The beans are about twice as big as the ones I've been trying.
It came with mustard and sauce.
I also bought this konbu shoyu.
So I added some of that in too.
This natto is my favorite so far. Not too stinky and I think not as slimy . . . but it could be that I'm just getting used to it.
This is what happened to my favorite lemon plant while I was in Japan. My egg-shell defense system didn't work at all because the snails are teeny, tiny ones that can weave their way between the eggshells. I found that out during evening snail patrols that I resorted to over the course of several nights.
There were millions of um all over the ground. Wendell complained that the neighbors would think I was crazy if they saw me in the middle of the night, flashlight in one hand and chopsticks in the other picking up tiny snails. So one day a few weeks ago I finally relented and bought some snail-be-gone pellets. That did the trick. I haven't seen any snails since. I just hope the pellets are not harmful to Kona. I don't trust the label even though it says "Safe for Pets".
But look what's been happening lately! New leaves and branches are sprouting. I noticed growth spurts at the start of last spring too. How do the plants know that it's spring and it's time to grow? The weather's pretty much the same all the time here. I think it's so cool.
See. Remember when it was just a seedling? Click here if you need to refresh your memory. They were so cute. This is what the snails did to all of my calamansi plants. But I have hope that they still might survive.
'Cause remember the plant that Damn Rabbit ravaged? I kept watering the remnant stick and look! Still going strong even though the snails got to the bottom of it too.
When you get to be of a certain age and your skin gets all loose and wrinkly, maintaining a youthful appearance can be quite challenging. Me? I've more or less given up. No matter what I do, I still look the same . . . old. BUT, I'm still clinging on to eyeliner and eyeshadow. The problem now is that I can end up looking like a raccoon at the end of the day when the eyeliner color starts smudging into the wrinkly skin under my eyes. My favorite eyeliner used to be a Shu Uemura refillable pencil but they discontinued it. Bah. I like Clinique's eyeliner cake too, but it's humbug 'cause you gotta use a wet brush to moisten it.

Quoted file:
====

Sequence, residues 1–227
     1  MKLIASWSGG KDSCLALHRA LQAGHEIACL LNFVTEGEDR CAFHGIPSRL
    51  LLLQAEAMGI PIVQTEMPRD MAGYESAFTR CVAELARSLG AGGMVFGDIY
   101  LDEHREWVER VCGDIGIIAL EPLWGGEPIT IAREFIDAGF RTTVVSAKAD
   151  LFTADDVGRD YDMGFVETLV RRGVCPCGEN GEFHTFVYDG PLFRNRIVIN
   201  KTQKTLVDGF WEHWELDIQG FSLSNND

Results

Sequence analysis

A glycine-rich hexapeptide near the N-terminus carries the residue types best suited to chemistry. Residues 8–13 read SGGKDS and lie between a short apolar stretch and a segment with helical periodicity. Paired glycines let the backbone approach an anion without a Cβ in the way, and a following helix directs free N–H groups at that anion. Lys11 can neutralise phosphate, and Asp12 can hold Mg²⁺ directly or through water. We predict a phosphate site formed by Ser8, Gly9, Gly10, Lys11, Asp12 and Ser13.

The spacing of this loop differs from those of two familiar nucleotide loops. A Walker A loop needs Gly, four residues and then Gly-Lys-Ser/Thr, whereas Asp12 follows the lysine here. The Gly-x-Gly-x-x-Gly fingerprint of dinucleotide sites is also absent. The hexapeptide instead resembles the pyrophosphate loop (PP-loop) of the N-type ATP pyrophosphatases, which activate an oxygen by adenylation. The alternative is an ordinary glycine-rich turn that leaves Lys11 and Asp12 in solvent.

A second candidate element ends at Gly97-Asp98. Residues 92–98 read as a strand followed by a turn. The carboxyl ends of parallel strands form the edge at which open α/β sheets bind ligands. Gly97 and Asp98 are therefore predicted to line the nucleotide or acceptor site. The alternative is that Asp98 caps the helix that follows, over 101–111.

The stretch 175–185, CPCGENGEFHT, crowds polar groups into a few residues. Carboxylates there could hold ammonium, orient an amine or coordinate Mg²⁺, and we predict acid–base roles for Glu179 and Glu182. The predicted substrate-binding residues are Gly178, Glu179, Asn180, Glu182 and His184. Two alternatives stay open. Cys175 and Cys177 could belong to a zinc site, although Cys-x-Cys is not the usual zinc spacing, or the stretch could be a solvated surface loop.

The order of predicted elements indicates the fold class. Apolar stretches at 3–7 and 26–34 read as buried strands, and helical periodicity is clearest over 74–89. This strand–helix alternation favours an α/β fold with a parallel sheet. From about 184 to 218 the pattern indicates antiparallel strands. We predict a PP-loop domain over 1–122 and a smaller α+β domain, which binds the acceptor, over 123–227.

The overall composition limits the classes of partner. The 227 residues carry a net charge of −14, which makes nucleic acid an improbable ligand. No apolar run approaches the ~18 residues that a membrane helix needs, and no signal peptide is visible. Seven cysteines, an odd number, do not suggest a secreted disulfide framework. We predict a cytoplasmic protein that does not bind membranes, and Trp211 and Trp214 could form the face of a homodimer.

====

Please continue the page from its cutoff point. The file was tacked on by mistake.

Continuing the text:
A week or so ago, me and Geri bought this eyeliner from Marukai (our new favorite hangout). The few words I can read are "natural", "tea color", "waterproof", but mostly the "24h" is what sold me. Plus it's made like the Shu Uemura pencil that I liked. It was $19.
I love it. I would give it 5 stars except Geri doesn't like it. She said that there's nothing left of it by the end of the day. Maybe you need really old, dry skin for the liner to adhere on to like I have. Mine stays on all day and barely smudges.
When my sister Geri mentioned that the natto that she liked in Japan was black, I was astounded. I heard a bell in my head go "PINGGGG". Astonishment soon gave way to excitement when I realized that there still was hope. I might still find a natto that I could enjoy eating. Marukai didn't have it. Nijiya in Puck's Alley didn't have it. Nijiya on Kona Street did! Happy! Happy!